Hyperpolarized (13)C Magnetic Resonance and Its Use in Metabolic Assessment of Cultured Cells and Perfused Organs

Methods Enzymol. 2015;561:73-106. doi: 10.1016/bs.mie.2015.04.006. Epub 2015 Jun 14.


Diseased tissue is often characterized by abnormalities in intermediary metabolism. Observing these alterations in situ may lead to an improved understanding of pathological processes and novel ways to monitor these processes noninvasively in human patients. Although (13)C is a stable isotope safe for use in animal models of disease as well as human subjects, its utility as a metabolic tracer has largely been limited to ex vivo analyses employing analytical techniques like mass spectrometry or nuclear magnetic resonance spectroscopy. Neither of these techniques is suitable for noninvasive metabolic monitoring, and the low abundance and poor gyromagnetic ratio of conventional (13)C make it a poor nucleus for imaging. However, the recent advent of hyperpolarization methods, particularly dynamic nuclear polarization (DNP), makes it possible to enhance the spin polarization state of (13)C by many orders of magnitude, resulting in a temporary amplification of the signal sufficient for monitoring kinetics of enzyme-catalyzed reactions in living tissue through magnetic resonance spectroscopy or magnetic resonance imaging. Here, we review DNP techniques to monitor metabolism in cultured cells, perfused hearts, and perfused livers, focusing on our experiences with hyperpolarized [1-(13)C]pyruvate. We present detailed approaches to optimize the DNP procedure, streamline biological sample preparation, and maximize detection of specific metabolic activities. We also discuss practical aspects in the choice of metabolic substrates for hyperpolarization studies and outline some of the current technical and conceptual challenges in the field, including efforts to use hyperpolarization to quantify metabolic rates in vivo.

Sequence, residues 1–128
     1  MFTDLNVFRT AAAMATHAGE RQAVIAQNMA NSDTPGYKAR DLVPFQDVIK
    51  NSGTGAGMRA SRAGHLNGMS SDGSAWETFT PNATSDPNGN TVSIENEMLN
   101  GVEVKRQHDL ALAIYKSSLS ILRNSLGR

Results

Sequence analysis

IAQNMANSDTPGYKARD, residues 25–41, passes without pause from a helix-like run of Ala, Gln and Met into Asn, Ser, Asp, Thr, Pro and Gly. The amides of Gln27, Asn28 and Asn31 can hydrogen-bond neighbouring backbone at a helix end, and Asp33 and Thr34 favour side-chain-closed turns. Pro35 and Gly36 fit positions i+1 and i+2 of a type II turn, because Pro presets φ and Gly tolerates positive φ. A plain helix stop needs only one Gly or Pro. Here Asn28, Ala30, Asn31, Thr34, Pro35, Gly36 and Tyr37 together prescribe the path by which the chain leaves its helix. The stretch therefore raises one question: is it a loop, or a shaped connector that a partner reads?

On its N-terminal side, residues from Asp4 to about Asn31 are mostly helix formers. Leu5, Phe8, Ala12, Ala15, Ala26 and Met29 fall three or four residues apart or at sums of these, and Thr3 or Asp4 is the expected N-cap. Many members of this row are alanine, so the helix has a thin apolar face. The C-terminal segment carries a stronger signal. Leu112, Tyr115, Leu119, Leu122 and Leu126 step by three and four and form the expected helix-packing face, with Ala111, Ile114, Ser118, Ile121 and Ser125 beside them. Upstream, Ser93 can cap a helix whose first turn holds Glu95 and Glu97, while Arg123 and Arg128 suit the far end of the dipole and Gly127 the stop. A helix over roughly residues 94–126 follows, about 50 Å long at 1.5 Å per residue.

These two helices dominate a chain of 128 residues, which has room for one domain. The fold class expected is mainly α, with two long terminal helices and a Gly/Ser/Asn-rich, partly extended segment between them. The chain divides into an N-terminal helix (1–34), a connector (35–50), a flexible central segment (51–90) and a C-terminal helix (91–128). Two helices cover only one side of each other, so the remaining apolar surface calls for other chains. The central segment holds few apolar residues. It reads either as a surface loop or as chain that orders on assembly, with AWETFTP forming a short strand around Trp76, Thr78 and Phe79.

Keywords: Cancer metabolism; Carbon-13; Hyperpolarization; Imaging; Metabolic flux; Nuclear magnetic resonance; Pyruvate; Warburg effect.

Publication types

  • Research Support, N.I.H., Extramural
  • Research Support, Non-U.S. Gov't
  • Research Support, U.S. Gov't, Non-P.H.S.
  • Review

MeSH terms

  • Animals
  • Carbon Isotopes*
  • Cells, Cultured
  • Humans
  • Isolated Heart Preparation
  • Isotope Labeling*
  • Magnetic Resonance Imaging
  • Magnetic Resonance Spectroscopy / methods*
  • Metabolism*
  • Mice
  • Models, Animal
  • Pyruvic Acid


  • Carbon Isotopes
  • Pyruvic Acid